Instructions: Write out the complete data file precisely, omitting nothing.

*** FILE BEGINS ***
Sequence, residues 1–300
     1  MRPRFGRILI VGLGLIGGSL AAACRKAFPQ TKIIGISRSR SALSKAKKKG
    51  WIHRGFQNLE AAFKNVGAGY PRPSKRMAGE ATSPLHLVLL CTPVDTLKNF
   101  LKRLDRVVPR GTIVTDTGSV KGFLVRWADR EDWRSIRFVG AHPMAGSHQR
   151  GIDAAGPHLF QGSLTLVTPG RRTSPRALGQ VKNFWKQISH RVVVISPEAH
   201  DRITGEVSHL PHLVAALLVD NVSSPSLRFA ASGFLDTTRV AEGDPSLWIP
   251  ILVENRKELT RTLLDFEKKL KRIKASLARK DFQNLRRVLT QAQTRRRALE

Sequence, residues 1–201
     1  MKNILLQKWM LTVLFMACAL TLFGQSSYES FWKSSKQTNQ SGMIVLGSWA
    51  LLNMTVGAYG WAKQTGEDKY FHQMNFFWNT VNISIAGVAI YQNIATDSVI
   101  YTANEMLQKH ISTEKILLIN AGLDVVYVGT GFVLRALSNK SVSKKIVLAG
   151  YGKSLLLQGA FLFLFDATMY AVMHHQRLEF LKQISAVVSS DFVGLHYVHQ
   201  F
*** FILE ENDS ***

Sequence, residues 1–300
     1  MRPRFGRILI VGLGLIGGSL AAACRKAFPQ TKIIGISRSR SALSKAKKKG
    51  WIHRGFQNLE AAFKNVGAGY PRPSKRMAGE ATSPLHLVLL CTPVDTLKNF
   101  LKRLDRVVPR GTIVTDTGSV KGFLVRWADR EDWRSIRFVG AHPMAGSHQR
   151  GIDAAGPHLF QGSLTLVTPG RRTSPRALGQ VKNFWKQISH RVVVISPEAH
   201  DRITGEVSHL PHLVAALLVD NVSSPSLRFA ASGFLDTTRV AEGDPSLWIP
   251  ILVENRKELT RTLLDFEKKL KRIKASLARK DFQNLRRVLT QAQTRRRALE

Sequence, residues 1–201
     1  MKNILLQKWM LTVLFMACAL TLFGQSSYES FWKSSKQTNQ SGMIVLGSWA
    51  LLNMTVGAYG WAKQTGEDKY FHQMNFFWNT VNISIAGVAI YQNIATDSVI
   101  YTANEMLQKH ISTEKILLIN AGLDVVYVGT GFVLRALSNK SVSKKIVLAG
   151  YGKSLLLQGA FLFLFDATMY AVMHHQRLEF LKQISAVVSS DFVGLHYVHQ
   201  F